- The SPDR S&P Regional Banking ETF declined 16.0% last week
- The current federal-funds rate target range stands at 4.50% - 4.75%
- U.S. employers added 311,000 jobs in February
Top Three Market Headlines
Bank Fears Rattle Markets: U.S. stocks tumbled late last week as investors reacted to the sudden collapse of Silicon Valley Bank (SVP), the 16th largest U.S. bank by assets. News that the bank, which catered to technology start-up companies, sought to raise capital to offset sizable losses on its securities portfolio sparked a classic "bank run" by depositors. Regulators stepped in and closed the institution on Friday, leaving some depositors stranded and sparking concerns about similar risks potentially facing other banks. On the week, the SPDR S&P Regional Banking ETF plunged 16.0%, while the broader S&P 500 index lost 4.5%.
Fed Chair Sends Hawkish Message on Rates: In testimony to Congress last week, Federal Reserve Chairman Jerome Powell stated the central bank would explore reaccelerating interest rate increases when it meets later this month. In early February, Fed officials dialed back the pace of rate hikes, raising the target range for the benchmark federal-funds rate by 0.25%, the smallest move since March 2022. Over the last month, however, certain economic data have been stronger than expected, including job growth, retail sales, and inflation, causing the Fed to reconsider adopting a more aggressive stance in its on-going effort to tame inflation.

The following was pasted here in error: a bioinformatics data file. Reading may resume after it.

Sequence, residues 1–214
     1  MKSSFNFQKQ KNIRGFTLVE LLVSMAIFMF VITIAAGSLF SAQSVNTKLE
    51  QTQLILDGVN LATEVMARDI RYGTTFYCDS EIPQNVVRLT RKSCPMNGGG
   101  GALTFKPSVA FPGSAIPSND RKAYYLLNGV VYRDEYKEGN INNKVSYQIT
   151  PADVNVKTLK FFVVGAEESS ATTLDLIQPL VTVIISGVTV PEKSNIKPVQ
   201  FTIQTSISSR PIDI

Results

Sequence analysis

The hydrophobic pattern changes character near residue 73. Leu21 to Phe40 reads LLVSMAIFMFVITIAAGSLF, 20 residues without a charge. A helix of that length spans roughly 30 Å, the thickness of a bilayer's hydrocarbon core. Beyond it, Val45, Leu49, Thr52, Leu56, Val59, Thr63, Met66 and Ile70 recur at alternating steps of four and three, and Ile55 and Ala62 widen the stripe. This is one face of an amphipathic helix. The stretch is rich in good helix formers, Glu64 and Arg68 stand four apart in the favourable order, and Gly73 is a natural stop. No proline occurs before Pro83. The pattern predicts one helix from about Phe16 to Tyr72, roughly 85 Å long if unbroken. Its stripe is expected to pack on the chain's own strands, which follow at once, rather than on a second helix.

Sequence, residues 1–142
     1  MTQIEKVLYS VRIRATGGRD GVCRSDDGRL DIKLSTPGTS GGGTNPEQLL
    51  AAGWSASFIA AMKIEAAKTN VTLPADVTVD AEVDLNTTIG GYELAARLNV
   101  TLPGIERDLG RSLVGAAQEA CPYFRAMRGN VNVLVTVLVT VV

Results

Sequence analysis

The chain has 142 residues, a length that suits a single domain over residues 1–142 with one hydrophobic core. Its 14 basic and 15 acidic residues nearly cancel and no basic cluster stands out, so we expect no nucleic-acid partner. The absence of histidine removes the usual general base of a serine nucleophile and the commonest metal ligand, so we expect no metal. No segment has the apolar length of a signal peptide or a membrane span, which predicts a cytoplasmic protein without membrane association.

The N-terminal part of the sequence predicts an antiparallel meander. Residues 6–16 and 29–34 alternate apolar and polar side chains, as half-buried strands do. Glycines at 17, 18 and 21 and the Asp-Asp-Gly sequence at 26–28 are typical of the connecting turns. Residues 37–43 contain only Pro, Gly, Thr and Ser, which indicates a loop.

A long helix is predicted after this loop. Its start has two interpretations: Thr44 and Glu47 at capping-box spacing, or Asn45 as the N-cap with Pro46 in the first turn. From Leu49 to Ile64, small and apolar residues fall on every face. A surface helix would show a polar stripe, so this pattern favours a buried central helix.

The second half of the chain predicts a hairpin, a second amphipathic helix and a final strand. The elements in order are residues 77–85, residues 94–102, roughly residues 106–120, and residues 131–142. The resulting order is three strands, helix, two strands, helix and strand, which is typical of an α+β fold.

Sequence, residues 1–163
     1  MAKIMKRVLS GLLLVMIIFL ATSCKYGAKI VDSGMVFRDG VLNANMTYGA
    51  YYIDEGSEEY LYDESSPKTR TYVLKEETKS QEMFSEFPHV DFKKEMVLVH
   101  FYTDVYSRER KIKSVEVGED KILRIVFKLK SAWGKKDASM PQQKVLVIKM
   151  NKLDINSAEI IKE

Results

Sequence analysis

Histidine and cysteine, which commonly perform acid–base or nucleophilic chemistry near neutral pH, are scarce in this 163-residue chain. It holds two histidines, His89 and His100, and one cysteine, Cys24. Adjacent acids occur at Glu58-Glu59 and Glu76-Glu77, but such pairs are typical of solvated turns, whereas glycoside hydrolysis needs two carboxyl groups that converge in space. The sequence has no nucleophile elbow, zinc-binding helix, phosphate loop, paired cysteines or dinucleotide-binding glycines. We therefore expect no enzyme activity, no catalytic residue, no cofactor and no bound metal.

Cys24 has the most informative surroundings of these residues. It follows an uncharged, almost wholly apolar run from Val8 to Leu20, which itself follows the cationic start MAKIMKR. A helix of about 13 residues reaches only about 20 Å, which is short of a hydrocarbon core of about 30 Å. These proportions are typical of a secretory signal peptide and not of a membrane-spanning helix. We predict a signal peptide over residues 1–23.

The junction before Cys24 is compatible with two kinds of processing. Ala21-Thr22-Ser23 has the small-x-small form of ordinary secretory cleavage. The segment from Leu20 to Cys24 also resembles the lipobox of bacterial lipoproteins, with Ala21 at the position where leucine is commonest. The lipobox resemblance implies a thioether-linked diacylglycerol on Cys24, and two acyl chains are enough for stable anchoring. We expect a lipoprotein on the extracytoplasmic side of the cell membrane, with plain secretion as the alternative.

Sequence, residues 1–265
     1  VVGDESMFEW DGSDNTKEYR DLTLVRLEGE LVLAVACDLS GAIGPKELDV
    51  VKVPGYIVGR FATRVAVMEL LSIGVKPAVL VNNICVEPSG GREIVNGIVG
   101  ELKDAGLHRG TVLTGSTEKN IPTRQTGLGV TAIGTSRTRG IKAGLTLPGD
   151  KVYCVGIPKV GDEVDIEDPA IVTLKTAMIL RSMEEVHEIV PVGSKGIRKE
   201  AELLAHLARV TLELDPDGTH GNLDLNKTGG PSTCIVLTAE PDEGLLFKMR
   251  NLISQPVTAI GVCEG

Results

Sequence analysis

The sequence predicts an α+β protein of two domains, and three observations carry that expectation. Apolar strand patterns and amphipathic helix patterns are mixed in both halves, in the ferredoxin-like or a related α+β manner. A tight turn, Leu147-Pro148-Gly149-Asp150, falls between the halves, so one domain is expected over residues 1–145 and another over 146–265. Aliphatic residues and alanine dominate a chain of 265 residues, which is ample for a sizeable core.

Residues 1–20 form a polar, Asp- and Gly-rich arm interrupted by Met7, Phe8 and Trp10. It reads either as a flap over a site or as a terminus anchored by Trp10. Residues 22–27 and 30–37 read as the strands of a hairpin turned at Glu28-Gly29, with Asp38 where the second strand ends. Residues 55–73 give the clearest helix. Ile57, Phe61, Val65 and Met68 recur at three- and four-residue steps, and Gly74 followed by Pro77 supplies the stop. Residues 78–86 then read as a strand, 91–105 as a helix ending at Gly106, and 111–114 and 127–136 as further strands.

Job Gains Again Exceed Expectations: The Labor Department reported last week that employers added 311,000 jobs in February, outpacing expectations for the second straight month. As in the prior month, notable gains in February were seen in the leisure & hospitality sector, along with healthcare. Conversely, the manufacturing and transportation sectors reported employment declines. Notwithstanding the healthy number of job additions, investors gleaned hints of softness in the report: the unemployment rate rose to 3.6% from 3.4%, while wage gains moderated to a 0.2% monthly growth rate, the lowest amount in 12 months.